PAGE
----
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The government decided Thursday to recommend the Jomon Period archaeological sites in northern Japan as a UNESCO World Cultural Heritage candidate for 2021.

Japan will submit its formal recommendations to the organization by Feb. 1 for the 17 ancient sites in Hokkaido, Aomori, Iwate and Akita prefectures, which represent a culture that prevailed for more than 10,000 years.

The UNESCO advisory panel will publish its assessment of the ruins around May 2021. Whether to add them to the World Cultural Heritage list will be decided in the summer of that year.

If registered, the locations will become Japan’s 20th World Cultural Heritage listing and the first prehistoric sites to be included in the list.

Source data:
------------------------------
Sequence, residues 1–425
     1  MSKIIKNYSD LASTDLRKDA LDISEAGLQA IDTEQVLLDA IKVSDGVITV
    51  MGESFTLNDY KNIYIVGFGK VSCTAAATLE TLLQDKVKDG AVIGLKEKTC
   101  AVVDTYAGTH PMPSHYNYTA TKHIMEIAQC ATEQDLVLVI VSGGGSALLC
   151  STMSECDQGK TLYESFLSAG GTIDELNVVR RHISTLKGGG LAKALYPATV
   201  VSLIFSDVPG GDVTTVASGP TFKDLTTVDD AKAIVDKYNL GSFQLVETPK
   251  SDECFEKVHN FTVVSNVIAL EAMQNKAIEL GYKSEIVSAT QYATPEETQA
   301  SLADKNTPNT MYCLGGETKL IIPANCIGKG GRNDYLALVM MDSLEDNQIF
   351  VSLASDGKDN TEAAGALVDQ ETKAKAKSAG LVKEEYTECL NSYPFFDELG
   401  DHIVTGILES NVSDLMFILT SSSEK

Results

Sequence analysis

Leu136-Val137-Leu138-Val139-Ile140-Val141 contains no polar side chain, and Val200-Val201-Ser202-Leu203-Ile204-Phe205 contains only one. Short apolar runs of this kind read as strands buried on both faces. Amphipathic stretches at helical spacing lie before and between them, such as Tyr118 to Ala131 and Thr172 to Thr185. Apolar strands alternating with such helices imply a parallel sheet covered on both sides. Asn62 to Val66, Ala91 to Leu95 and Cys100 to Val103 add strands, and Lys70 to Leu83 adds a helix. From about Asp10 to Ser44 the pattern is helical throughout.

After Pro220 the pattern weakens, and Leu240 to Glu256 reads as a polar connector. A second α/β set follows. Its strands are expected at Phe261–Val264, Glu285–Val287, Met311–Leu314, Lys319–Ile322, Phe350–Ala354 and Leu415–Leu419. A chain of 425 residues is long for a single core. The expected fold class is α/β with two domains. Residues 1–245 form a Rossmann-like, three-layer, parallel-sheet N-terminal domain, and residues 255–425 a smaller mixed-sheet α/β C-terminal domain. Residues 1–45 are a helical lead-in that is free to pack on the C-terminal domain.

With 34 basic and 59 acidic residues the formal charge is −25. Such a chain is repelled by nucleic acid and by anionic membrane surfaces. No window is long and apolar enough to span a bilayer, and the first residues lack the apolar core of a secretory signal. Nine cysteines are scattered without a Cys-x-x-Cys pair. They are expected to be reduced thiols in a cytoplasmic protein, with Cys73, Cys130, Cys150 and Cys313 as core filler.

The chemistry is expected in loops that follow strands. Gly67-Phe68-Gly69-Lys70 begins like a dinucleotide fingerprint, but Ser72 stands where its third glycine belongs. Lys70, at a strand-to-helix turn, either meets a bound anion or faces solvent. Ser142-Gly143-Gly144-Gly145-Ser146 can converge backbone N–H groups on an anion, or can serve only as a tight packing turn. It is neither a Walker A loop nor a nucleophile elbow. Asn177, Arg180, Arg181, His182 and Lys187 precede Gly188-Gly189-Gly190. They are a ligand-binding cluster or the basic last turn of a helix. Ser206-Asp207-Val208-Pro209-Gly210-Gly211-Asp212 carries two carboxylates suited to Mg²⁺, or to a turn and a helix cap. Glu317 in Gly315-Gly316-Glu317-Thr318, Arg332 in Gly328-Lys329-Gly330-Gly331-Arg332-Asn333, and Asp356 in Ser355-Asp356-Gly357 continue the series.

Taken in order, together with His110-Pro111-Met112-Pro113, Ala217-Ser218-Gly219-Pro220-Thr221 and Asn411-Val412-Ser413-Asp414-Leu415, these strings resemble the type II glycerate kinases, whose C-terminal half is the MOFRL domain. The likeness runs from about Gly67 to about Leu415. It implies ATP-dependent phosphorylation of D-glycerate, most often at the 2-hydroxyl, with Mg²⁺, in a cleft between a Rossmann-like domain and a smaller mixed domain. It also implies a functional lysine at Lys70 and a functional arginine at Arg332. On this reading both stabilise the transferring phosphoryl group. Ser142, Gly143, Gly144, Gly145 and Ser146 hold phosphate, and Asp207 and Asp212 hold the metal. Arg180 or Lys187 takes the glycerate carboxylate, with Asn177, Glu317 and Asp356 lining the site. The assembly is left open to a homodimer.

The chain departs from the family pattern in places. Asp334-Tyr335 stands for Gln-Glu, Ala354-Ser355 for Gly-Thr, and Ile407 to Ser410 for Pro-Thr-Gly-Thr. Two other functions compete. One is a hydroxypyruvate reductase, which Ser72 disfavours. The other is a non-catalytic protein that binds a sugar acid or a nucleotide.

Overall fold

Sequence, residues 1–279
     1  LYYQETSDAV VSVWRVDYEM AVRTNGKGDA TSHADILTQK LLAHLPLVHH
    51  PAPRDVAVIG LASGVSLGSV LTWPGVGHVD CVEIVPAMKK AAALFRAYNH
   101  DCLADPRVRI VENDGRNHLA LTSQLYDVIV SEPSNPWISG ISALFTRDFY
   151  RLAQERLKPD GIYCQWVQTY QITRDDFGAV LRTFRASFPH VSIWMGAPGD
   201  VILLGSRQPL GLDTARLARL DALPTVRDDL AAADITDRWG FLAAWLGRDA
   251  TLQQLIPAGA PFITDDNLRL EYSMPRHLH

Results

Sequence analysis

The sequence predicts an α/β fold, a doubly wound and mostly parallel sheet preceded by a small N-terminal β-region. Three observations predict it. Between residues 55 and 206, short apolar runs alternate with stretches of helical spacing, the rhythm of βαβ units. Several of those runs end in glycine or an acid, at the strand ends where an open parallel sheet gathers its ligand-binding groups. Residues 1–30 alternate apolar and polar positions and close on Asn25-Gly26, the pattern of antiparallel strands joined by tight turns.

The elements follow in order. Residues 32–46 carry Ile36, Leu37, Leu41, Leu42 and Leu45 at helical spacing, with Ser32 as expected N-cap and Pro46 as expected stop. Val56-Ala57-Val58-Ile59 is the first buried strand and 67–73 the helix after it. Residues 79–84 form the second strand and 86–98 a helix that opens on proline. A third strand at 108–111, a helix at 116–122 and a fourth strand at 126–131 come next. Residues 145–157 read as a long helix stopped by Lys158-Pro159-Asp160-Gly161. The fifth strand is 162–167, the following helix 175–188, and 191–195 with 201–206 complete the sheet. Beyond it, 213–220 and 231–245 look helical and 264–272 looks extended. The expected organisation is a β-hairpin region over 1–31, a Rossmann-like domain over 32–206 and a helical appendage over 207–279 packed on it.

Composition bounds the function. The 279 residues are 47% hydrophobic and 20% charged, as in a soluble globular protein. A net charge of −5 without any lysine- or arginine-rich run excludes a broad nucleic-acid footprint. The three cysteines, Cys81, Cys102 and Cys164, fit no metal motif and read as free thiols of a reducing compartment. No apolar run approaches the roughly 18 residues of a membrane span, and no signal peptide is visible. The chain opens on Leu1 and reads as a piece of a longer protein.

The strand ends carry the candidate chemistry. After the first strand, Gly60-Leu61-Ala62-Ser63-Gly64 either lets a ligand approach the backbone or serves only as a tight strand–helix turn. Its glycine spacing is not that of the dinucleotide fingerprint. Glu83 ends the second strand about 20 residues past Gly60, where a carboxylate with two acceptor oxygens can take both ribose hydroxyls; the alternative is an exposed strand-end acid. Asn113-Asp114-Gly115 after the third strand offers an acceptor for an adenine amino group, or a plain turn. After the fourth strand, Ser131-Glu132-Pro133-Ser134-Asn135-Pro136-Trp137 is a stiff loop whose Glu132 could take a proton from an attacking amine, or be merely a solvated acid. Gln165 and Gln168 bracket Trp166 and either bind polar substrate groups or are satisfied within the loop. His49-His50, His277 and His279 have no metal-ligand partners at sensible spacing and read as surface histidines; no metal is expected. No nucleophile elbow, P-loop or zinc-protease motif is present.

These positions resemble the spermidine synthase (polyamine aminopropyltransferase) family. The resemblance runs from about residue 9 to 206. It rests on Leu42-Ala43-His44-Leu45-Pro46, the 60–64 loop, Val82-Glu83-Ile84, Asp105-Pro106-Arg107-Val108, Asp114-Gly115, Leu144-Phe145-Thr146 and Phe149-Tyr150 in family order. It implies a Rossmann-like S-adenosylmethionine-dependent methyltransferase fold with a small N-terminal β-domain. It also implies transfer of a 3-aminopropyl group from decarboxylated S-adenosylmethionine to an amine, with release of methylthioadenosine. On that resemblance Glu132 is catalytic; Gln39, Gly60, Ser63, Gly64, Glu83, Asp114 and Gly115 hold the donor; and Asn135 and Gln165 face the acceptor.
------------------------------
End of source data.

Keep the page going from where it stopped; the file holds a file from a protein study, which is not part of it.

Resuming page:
The ruins include the Sannai-Maruyama site, a large settlement in Aomori Prefecture, and the Oyu Kanjo Resseki site, two large stone circles in Akita Prefecture.

Local governments say the sites featuring numerous settlements, stone circles and graves have global value as they provide insights into a hunter-gatherer society and the spiritual culture of the Jomon Period, believed to have begun 16,000 years ago.

The four prefectural governments hosting the sites have been discussing a plan to change the names of these sites to facilitate international understanding of the ruins’ value. They plan to make a decision later this month.

Currently, there are 1,121 UNESCO World Heritage designations that include cultural, natural and mixed sites.

The UNESCO World Heritage Committee examines only one recommendation per country a year. In 2020, the committee will examine whether to register the Amami-Okinawa island chain, recommended by Japan, in a meeting to be held in China’s Fuzhou in summer.

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